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Peat: what it is and where it comes from

Peat is one of the most important organic materials used in the cultivation of ornamental plants, both natural and combined with other products. It is a carbonaceous formation coming from a progressive decomposition of plant species that live in humid and cold environments, often aquatic. It derives, in particular, from the vegetation in the marshy area of ​​moss and sphagnum. Distinguished by a rather modest calorific value, distilled from acetic acid, it contains one tenth of the potassium and phosphorus present in the manure, and represents the result of a gradual transformation of vegetable residues that has occurred over the centuries. Precisely because of the scarcity of potassium and phosphorus inside, it is not considered a fertilizer in all respects, but simply a soil conditioner. Characterized by a rather high acidity rate, with a pH level between 3.5 and 4, it can be used naturally provided that it is corrected with calcium carbonate, which has the purpose of limiting its acidity. In fact, almost all plant species, except for acidophilic species (as the name suggests), need a soil whose pH is between 5.5 and 6. Furthermore, the possibility of using peat should not be underestimated, and especially the peat coarse, in order to correct the soil when it needs to be made softer or softer.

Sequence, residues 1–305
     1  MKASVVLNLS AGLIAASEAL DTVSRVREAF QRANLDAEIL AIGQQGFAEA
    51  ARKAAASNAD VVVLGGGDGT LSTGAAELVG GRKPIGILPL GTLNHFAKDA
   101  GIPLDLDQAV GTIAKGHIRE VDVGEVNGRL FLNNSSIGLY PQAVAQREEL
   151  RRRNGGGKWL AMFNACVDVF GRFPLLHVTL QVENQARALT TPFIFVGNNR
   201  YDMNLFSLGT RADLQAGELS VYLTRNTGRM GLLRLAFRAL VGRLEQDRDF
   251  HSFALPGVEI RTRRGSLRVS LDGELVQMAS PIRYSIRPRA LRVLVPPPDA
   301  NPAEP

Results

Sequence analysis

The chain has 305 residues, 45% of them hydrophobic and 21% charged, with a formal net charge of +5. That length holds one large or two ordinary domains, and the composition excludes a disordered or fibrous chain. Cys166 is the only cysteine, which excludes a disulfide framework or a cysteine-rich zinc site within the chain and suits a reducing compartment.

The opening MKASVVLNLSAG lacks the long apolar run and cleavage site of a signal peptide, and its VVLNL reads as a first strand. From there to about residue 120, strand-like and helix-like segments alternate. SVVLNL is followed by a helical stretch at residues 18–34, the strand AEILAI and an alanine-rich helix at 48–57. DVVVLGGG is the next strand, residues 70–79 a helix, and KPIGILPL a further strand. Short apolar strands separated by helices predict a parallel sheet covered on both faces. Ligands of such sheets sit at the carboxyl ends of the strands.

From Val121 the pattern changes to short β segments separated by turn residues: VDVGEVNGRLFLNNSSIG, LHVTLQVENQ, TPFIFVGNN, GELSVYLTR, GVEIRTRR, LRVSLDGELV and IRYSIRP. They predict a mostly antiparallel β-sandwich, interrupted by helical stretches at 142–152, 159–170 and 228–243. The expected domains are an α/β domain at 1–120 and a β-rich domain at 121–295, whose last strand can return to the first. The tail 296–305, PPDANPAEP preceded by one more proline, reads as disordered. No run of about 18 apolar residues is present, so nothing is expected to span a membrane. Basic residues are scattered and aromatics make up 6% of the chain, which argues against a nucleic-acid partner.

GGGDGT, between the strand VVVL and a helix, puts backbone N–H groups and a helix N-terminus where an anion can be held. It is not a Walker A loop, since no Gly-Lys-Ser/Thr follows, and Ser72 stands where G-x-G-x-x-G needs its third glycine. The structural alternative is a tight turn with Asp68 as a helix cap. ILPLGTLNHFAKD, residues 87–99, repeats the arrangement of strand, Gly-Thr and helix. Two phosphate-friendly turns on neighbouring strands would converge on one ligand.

Blonde peat and dark peat

From a commercial point of view, peat is classified according to the type of structure and color. We speak, in particular, of the degree of grinding, taking into account that tin peat, also known as moss or blond peat, are the most suitable for the cultivation of plant species in pots, and therefore for apartment plants; they offer a fair water retention capacity. Specifically, the coarse-grained and fibrous types allow good drainage and a fair passage of air. Vice versa, for potted plants it is advisable not to use dark peat. Entering the concrete, peat it has the task of making the soil less compact, while improving drainage and aeration. It is used, among other things, to make substrates for greenhouse crops, or to germinate single seeds of species considered delicate. Anyone wishing to buy it can find it on the market in any garden center in bales of variable size and weight.

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